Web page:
As OTA (over-the-air) technology continues to mature, a new market has opened to software developers. Today, savvy cell phone users can purchase a J2ME MIDP (Mobile Information Device Profile) application from Handango.com and download it into their phones in seconds. In just couple of years, the wireless software industry has leaped from ring-tones to games to full-fledged applications.
Many consumers have yet to realize how much they can do with their phones; they often associate J2ME applications with frivolous games. However, as consumers upgrade to new generations of phones, a new breed of knowledge-based MIDP applications with practical uses are getting noticed. The list of Handango's best selling J2ME software is full of knowledge-based applications, such as multilingual dictionaries, vocabulary trainers, Bibles, trivia, and even cocktail recipes. A dictionary program listed less than a year ago has already received close to 26,000 downloads! Considering that thousands of wireless subscribers are willing to pay for a ring-tone, the market potential for practical J2ME applications is enormous.
Unlike games, the value of knowledge-based applications lies in the data. Due to the hardware-imposed simplicity of a MIDP application, if the data file is compromised, one can easily come up with a competing application. Although a client-server model, where the data resides in a backend server, can address this concern, such a model proves impractical for most wireless applications. Until the cost of wireless data comes down and wireless connections become more reliable and ubiquitous, embedding the data file into the MIDP JAR is the only option. Therefore, protecting the data file from copyright thefts becomes imperative.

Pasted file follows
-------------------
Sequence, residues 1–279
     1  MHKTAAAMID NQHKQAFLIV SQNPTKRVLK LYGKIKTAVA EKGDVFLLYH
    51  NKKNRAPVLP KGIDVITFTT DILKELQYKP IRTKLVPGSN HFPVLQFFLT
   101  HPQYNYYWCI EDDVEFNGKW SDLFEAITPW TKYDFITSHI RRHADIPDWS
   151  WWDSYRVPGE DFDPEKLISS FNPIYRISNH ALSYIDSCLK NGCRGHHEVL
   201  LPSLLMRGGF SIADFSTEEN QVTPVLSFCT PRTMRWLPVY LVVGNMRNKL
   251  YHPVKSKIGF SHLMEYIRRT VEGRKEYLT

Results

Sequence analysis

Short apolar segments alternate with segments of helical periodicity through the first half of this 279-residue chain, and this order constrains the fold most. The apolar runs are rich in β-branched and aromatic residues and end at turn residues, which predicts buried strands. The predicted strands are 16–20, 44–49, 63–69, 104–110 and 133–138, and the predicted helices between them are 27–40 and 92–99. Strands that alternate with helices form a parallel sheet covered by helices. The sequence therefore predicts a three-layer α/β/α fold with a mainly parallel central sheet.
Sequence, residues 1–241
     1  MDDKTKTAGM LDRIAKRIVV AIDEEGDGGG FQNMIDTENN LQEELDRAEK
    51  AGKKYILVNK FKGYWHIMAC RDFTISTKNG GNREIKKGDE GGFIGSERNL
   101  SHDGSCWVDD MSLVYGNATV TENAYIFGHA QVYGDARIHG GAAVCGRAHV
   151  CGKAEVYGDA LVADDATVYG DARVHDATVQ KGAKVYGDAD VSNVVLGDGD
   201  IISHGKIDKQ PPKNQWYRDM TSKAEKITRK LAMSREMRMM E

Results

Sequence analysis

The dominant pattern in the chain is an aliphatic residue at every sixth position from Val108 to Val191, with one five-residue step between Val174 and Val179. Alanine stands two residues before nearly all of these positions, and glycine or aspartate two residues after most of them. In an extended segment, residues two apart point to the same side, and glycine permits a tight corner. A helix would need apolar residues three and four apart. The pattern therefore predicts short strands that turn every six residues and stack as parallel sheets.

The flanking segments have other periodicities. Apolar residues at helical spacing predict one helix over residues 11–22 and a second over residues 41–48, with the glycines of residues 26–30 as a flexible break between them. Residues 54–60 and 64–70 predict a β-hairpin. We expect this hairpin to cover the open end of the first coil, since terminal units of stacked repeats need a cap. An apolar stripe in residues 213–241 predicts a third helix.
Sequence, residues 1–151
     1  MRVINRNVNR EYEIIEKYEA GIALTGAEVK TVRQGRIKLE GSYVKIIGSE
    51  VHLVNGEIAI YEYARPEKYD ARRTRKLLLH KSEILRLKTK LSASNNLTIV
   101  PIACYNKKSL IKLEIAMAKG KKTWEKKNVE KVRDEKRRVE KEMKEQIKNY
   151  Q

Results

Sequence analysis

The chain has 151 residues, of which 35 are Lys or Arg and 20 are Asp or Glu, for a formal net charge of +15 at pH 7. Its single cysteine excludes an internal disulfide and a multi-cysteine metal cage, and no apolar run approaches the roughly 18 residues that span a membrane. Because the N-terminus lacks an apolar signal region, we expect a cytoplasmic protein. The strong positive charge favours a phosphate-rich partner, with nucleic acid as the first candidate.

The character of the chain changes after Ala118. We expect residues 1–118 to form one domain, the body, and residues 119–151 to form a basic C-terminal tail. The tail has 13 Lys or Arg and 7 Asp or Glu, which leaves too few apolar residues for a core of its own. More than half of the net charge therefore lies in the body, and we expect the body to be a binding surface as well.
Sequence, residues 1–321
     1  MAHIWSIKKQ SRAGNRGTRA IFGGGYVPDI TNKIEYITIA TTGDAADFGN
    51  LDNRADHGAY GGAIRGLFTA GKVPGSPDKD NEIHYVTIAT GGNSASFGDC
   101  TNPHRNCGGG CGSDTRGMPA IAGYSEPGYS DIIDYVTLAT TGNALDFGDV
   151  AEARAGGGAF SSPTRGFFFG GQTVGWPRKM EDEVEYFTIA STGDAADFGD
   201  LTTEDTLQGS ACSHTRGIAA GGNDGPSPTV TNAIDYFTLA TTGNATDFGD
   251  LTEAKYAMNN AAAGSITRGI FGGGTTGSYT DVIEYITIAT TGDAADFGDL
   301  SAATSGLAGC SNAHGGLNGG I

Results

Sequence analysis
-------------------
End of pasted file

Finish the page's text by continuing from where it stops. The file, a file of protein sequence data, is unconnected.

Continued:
A common solution to this issue is to encrypt the data file. In fact, several Java Specification Requests (JSRs) are underway to provide a standard set of APIs for encryption and decryption. However, cryptography computation is CPU intensive even for a desktop computer running J2SE. Not to mention that it will be a couple of years before all new phones support such APIs. Moreover, code based on the new APIs will not be backwards compatible with all current phones. This creates a gray period where an application may run on some phones, but fail on others. An alternative is to use third-party cryptography libraries supporting J2ME. One popular open source implementation is Bouncy Castle's lightweight crypto API. But, there is a catch: the library is more than 400 KB. Given that most Nokia Java phones in the market have a 64-KB JAR size limitation, this solution is again not viable.
I propose a simple solution to the problem. It adds one extra line of code, and the JAR size penalty is negligible. It has two phases. First, clean up and compress the data file. Second, obfuscate the compressed file so it can't be easily decompressed.
Clean up the data file: Many Windows-based editors escape new lines with \n\r. This is especially the case if you export the data from Excel. The "\r" is redundant since "\n" alone is sufficient to indicate a new line. Removing "\r" and unused spaces before the line break will save you a couple thousand bytes, depending on how many lines are in the data file.
Note that not all text editors can detect "\r"; UltraEdit is one editor that works. If the data file is large, break it into smaller files to promote quick searches. But keep in mind that smaller text files don't compress as well as larger ones.
- Compress the data files: The choice of a compression algorithm is limited by the availability of the J2ME compression implementation. Although the compression API is bundled with J2ME Connected Device Configuration (CDC), which is targeted for devices with at least 2 MB of memory, most current cell phone devices support only Connected Limited Device Configuration (CLDC) and the MIDP standard built on top it. The minimum memory requirement for CLDC is 128 KB. Therefore, developers must find third-party libraries or write their own. I found three: